A Guide to Leadership in Energy and Environmental Design – LEED

Posted by on Jul 22, 2016 in Behind the Design, Uncategorized
A Guide to Leadership in Energy and Environmental Design – LEED

Leadership in Energy and Environmental Design (LEED) is one of the most popular green building certification programs used worldwide and it’s becoming more and more popular for all the right reasons.

You may have notice LEED Certification plaques hanging proudly in the hotels, airports, office buildings and hospitals that you’ve recently visited. If so, rest assured that even by frequenting those locations you are supporting a good cause.

What LEED Certification Means

LEED, which stands for Leadership in Energy and Environmental Design, is a certification program focused primarily on new, commercial-building projects and based upon a points system. The more points you earn, the higher your rating. The points are awarded for energy conservation techniques that could be granted for using LED lights or having a close proximity to public transportation.

What LEED Certification Costs and What it Saves

The energy conservation techniques used in LEED design require significantly higher upfront costs on the part of the corporation but may also yield massive cost savings over time. The cost savings are found in reduced operational costs and state-based tax credits given for LEED certification. Another huge perk is expedited permitting.

LEED-certified buildings when well maintained, produce less waste products and are more energy efficient than they would be otherwise. Using environmentally friendly measures like installation of low-VOC emitting carpets and low-flow water systems, better ventilation and even more daylighting are line items that can result in better working conditions and arguably, happier, more productive clients and staff.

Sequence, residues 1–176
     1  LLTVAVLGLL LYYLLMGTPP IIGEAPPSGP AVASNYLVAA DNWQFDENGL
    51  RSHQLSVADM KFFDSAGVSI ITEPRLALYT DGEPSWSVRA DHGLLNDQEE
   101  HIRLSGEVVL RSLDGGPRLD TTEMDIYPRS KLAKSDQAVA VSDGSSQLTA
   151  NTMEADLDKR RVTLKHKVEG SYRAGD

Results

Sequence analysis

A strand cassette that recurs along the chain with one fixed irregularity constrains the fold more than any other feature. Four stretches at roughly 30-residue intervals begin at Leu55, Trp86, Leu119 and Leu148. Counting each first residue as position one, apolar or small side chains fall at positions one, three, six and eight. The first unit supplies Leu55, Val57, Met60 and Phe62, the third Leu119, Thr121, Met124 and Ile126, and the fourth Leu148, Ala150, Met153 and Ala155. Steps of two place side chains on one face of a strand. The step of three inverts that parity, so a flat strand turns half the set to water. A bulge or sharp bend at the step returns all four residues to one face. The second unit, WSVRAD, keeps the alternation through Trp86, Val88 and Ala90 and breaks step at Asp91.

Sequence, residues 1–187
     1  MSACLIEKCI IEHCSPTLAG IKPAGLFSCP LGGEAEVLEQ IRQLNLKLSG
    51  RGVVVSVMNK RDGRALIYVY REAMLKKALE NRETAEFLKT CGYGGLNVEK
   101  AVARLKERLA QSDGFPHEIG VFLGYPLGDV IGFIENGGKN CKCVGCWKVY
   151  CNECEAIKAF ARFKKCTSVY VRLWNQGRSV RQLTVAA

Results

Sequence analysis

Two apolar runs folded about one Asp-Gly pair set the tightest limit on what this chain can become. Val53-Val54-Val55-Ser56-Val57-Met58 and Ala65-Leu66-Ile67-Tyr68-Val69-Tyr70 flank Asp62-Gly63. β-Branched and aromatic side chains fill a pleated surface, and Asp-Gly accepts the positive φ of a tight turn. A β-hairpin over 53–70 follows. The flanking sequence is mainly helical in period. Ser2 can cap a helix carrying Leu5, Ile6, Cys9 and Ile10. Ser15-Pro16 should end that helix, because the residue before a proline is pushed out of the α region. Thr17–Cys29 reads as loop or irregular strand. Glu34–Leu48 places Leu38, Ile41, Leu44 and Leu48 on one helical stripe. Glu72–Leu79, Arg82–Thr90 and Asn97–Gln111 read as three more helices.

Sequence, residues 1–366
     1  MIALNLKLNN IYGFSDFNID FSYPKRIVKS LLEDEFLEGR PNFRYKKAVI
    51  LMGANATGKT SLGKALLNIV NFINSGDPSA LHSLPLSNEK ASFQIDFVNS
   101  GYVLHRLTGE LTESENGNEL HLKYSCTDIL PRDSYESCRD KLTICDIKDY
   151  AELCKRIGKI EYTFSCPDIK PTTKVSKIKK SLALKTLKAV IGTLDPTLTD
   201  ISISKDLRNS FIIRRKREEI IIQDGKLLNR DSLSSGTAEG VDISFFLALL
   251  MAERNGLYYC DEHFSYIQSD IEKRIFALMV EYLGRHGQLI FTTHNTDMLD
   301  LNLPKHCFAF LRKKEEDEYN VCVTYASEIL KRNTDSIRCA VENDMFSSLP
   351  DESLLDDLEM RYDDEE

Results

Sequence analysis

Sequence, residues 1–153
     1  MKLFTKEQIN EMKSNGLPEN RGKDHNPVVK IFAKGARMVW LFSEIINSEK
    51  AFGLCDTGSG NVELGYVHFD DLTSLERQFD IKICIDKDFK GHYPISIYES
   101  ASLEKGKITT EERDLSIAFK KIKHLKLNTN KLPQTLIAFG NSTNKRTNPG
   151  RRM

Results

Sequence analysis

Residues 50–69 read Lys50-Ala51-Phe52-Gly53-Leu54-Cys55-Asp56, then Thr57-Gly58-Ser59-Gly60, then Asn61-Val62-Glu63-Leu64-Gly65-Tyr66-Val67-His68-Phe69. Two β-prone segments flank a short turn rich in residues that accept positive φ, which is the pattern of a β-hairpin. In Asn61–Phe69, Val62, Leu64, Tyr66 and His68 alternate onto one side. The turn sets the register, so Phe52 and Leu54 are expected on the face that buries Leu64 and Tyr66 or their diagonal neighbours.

LEED Certified Project Checklist

Below is a sample of a new construction and major renovation project checklist. There are different checklists for different projects. In fact, there are 100 possible base points distributed across six credit categories. Project teams can use the checklists to track their project goals and their progress.

See the full checklist.

Location and Transportation

  • Sensitive Land Protection
  • Access to Quality Transit
  • Bicycle Facilities
  • Reduced Parking Footprint

Sustainable Sites

  • Site Development – Protect or Restore Habitat
  • Light Pollution Reduction
  • Construction Pollution Prevention

Water Efficiency

  • Outdoor Water Use Reduction
  • Indoor Water Use Reduction
  • Cooling Tower Water Use

Energy and Atmosphere

  • Minimum Energy Performance
  • Fundamental Refrigerant Management
  • Renewable Energy Production

Indoor Environmental Quality

  • Environmental Tobacco Smoke Control
  • Low-Emitting Materials
  • Daylight
  • Quality Views

Certification Level

Buildings can qualify for four levels of certification:

  • Certified: 40–49 points
  • Silver: 50–59 points
  • Gold: 60–79 points
  • Platinum: 80 points and above

Better Buildings Are our Legacy

LEED is changing the way we think about how building and communities are planned, constructed, maintained and operated. Leaders around the world are striving to build and maintain LEED certified buildings. LEED has expanded to address all buildings. Do your part today.


  1. http://www.usgbc.org/resources/leed-v4-building-design-and-construction-checklist
  2. http://www.usgbc.org/leed
  3. https://en.wikipedia.org/wiki/Leadership_in_Energy_and_Environmental_Design

Tags: LEED Certification, Design, Construction, Environmentally Friendly, Energy Efficient